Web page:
Once through security, we learned our plane was broken and had to be fixed. It took so long they had to get new pilots!  By that point we’d spent so long at the airport that I’d needed to eat twice and take medications. The employees at Starbucks gave me hot water to mix medications in for free. No one looked at me oddly while I took pills. There was a sharps disposal unit on the wall of the women’s bathroom. And Smashburger has a simply AMAZING allergy app to help you find safe foods. In the end we raced a thunderstorm off the runway and into clear skies. It was a very positive experience even with the delay.

The plane was another story. It was cramped and uncomfortable. There wasn’t anything that I, with my food allergies, could eat. Even though the cabin was felt icy to me, my medications were thawing by this point, the little gel packs giving up after a lengthy battle against entropy. I asked for ice from the stewardesses and, after some discussion, they filled an air-sickness bag full of ice. My sister, capable and fierce travel companion that she is, helped me fill a sandwich bag with ice for the interior of medication case, then stuff the entire case into the barf bag of ice and wrap that in a jacket. It stayed cold the entire flight. While it might have been a little messy, we made it! And everyone was so helpful.

Finally, we picked up our luggage and our ride picked us up. We had to break the four-hour long drive home into legs, but after only 14 hours of travel, we made it to our home away from home.

Lessons learned: have food picked out at the airport ahead of time. However much food you pack with you … times by 1.5. I wasn’t the only one going through the lines with medical supplies, by any means, and I noticed the TSA seemed to handle it much easier if you declared it frequently and politely. Those who didn’t warn anyone took longer going through the checkpoints. I’m also going to see if I can’t find some tiny instant-ice packs. Supposedly, if they are deemed “medically necessary” there’s a chance they’ll be allowed through. On the homebound leg of this trip, I’ll traveling for 5-6 hours before even getting into airport security, and the first packs will already be…well, slush might actually be a tad too optimistic.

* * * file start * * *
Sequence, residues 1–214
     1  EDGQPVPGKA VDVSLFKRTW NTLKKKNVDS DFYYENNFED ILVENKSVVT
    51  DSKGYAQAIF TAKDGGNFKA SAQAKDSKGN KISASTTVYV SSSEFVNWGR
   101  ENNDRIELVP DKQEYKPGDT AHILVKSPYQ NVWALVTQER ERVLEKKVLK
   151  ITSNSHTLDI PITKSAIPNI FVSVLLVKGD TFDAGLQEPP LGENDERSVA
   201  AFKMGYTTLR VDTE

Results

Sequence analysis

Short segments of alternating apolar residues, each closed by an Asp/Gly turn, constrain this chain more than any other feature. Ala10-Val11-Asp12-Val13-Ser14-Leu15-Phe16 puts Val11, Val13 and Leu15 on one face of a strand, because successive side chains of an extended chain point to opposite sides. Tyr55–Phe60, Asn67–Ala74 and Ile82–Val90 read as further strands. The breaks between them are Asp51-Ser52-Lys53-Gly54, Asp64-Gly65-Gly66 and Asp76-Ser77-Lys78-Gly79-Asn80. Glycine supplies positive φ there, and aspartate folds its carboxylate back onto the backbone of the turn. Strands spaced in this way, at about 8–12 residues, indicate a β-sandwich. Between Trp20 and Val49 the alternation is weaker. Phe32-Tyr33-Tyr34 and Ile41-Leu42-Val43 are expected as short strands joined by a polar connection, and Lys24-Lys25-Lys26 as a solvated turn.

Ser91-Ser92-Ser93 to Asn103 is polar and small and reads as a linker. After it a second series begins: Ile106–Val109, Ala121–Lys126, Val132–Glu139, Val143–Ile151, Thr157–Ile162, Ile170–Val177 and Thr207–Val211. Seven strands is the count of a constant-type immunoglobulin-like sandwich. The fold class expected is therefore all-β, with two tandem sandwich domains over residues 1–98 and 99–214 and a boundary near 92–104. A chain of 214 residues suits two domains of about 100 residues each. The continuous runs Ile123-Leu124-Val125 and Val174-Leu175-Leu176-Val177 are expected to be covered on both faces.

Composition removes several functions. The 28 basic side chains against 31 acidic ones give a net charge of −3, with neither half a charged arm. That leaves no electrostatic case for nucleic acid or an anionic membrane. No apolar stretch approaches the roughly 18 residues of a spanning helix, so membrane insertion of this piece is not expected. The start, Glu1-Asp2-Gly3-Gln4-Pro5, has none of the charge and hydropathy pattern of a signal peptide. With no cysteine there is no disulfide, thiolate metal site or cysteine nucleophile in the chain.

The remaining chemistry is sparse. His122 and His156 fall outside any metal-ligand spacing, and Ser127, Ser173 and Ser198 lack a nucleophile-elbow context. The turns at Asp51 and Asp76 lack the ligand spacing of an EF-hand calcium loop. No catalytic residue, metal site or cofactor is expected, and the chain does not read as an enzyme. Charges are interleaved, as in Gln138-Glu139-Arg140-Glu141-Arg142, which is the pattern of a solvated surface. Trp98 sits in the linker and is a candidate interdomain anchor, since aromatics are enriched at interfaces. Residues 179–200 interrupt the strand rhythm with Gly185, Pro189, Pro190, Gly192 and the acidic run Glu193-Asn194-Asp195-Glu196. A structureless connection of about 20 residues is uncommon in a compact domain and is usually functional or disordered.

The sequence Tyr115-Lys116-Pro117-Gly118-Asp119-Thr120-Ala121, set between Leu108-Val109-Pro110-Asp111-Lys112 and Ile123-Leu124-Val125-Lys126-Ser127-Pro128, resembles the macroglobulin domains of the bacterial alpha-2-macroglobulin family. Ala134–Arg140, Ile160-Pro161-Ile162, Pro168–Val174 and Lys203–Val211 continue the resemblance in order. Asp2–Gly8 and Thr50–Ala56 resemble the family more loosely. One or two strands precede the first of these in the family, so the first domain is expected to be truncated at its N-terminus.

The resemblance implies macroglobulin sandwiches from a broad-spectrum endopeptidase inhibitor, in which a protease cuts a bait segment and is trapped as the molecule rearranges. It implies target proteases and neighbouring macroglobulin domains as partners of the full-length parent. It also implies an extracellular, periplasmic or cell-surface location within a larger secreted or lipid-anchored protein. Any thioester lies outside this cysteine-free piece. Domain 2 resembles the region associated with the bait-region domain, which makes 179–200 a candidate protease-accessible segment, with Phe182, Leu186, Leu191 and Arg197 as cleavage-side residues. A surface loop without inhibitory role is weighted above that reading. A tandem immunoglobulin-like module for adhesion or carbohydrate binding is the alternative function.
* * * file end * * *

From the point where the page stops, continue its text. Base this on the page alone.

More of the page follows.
Bugs and Blooms!

Right before the rains hit, but before the term was really over, I slipped out to the local park and got a few pictures. It was a bit dark, so not the best picture taking time — and I learned that even if my lens was technically capable of shooting at a super-wide aperture, well… that doesn’t always give the most fantastic results!

Still learning, here. Work in progress.

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Does anyone know what the moth above is? I’m thinking it’s a “Pale Beauty.” I haven’t worked much with moths; normally I’m not shooting that late. But this one was striking against all the rich new green.

Pearl crescent butterfly; he teased me all through the clover underneath the trees until it was too shadowy to get a decent picture, and only then did he alight for a quick moment.

Happy spring!

Spring!

Somehow the first greening gold happened, in that glimmering way it does, and flitted by while I was recovering from a procedure. Warm soft breezes are alternating with rain like puppy teeth, needle sharp and bitey.

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Butthe butterflies are back! Cabbage whites are actually the abbreviated flirty white blurs in the corners of this raggedy expanse of green, which will be knee-deep in wildflower blooms – and chest-deep in spiny thistles! – in bare weeks. Coyly, they refused to come near and hold still for a picture. Next time. Spring is here!

 

Magic Monarchs

I remember the butterfly trees near my home. We’d walk through a forest on a silent trail, all sand and shredded bark. The air was Vicks Vapor-Rub and sea foam, sharp and clean. And then the sunlight would strike a tree and a breeze would ruffle leaves, leaves that unfurled into fluttering wings, magic shimmering in a gold beam, rustling drily. Then the sun would go behind the curtain of fog, the breeze would die down, and all was silent in the forest again. The butterfly trees. Find one someday if you can.

Migrating Monarchs Arrive in Mexico